In an Aug. 25 submission to DOJ, the state filed draft procedures for issuing photo voter registration cards. The plan entails issuing paper voter registration cards that a voter cannot vote with unless they have the DMV photo ID. If they don’t have the required photo ID, they must go to their county voter registration office and trade in their paper registration card for a “temporary voter registration card with a photo” that is good for 30 days. Permanent photo voter registration cards with photos will be printed by the state election office and mailed to voters.

Not only is the process burdensome to voters and election workers, it is inadequately funded. In June, $1.4 million was appropriated to cover everything from buying the cameras to mailing notices to the estimated 200,000 registered SC voters with no photo ID, to educating the public and poll workers on the new law.

As confusion and costs over the ID law mount, we should remember that no one has ever been caught impersonating another voter at the polls in SC, the sort of fraud this law was designed to prevent. Rather than protecting the sanctity of the vote, as proponents claim, the new requirement does nothing but make it harder to vote in South Carolina. For some voters, the burden will be too high.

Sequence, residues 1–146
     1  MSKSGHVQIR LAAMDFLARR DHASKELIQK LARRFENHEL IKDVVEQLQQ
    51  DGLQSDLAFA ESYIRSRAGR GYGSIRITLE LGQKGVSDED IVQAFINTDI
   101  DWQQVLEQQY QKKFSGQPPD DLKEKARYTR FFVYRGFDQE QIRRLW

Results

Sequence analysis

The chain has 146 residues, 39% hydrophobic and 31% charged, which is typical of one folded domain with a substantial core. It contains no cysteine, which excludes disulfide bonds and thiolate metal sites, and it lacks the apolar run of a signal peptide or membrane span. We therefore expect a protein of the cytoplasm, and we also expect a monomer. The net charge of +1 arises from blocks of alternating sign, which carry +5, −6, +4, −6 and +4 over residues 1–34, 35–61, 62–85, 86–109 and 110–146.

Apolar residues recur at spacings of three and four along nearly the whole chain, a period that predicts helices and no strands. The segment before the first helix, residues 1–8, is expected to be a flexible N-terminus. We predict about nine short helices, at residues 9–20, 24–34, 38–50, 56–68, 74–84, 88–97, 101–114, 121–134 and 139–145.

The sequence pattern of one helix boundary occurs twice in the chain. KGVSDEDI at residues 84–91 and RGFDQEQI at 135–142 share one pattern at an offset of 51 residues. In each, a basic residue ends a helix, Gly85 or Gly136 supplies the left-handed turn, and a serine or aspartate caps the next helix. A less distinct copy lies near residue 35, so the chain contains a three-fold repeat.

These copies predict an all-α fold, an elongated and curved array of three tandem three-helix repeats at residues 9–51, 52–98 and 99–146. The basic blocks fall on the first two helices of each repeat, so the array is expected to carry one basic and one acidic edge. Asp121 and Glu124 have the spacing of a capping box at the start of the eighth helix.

While the state digs itself deeper into a hole of its own making, the Progressive Network will continue to educate voters and expand an organized coalition of citizens to fight this and other laws compromising voting rights in South Carolina.

New photo ID law makes it harder to vote in South Carolina than anywhere in the country

By Becci Robbins
SC Progressive Network

You could forgive voters for being confused about South Carolina’s photo ID law. Debate on the bill went on so long their eyes glazed over years ago. It’s hard to be as charitable to Gov. Nikki Haley, who twists the truth every time she defends the law she helped push through.

The governor argues that if we need a photo ID to buy Sudafed or to board a plane, we should need one to vote. Sounds reasonable, but neither pharmacies nor airlines require a state-specific ID, as this law does. And to get a SC photo ID you need to produce a birth certificate. For some people, that’s a problem.

Finally, we are number one! Sadly, it’s in voter suppression.

These documents aren’t enough for Delores Freelon to vote.

The National Conference of State Legislatures has identified seven states as having the most restrictive photo ID requirements for voting: Georgia, Kansas, Texas, Indiana, Wisconsin, Tennessee and South Carolina. All require voters to show a photo ID, but states vary in what kind and how hard it is to get.

  • In Georgia, if voters are already registered, they automatically get a new photo ID voter registration card.
  • In Kansas, voters can use a driver’s license from out of state, any accredited college ID, or government-issued public assistance cards. Voters over 65 may show expired ID.
  • In Texas, you can get ID to vote with your concealed weapons permit, your boating license, insurance policy or beautician’s license. Or you can vote a provisional ballot if you will incur fees in order to vote. Voters over 70 are exempt.
  • In Indiana, those without a photo ID get their provisional vote counted by claiming the fees to get the required documents were a burden.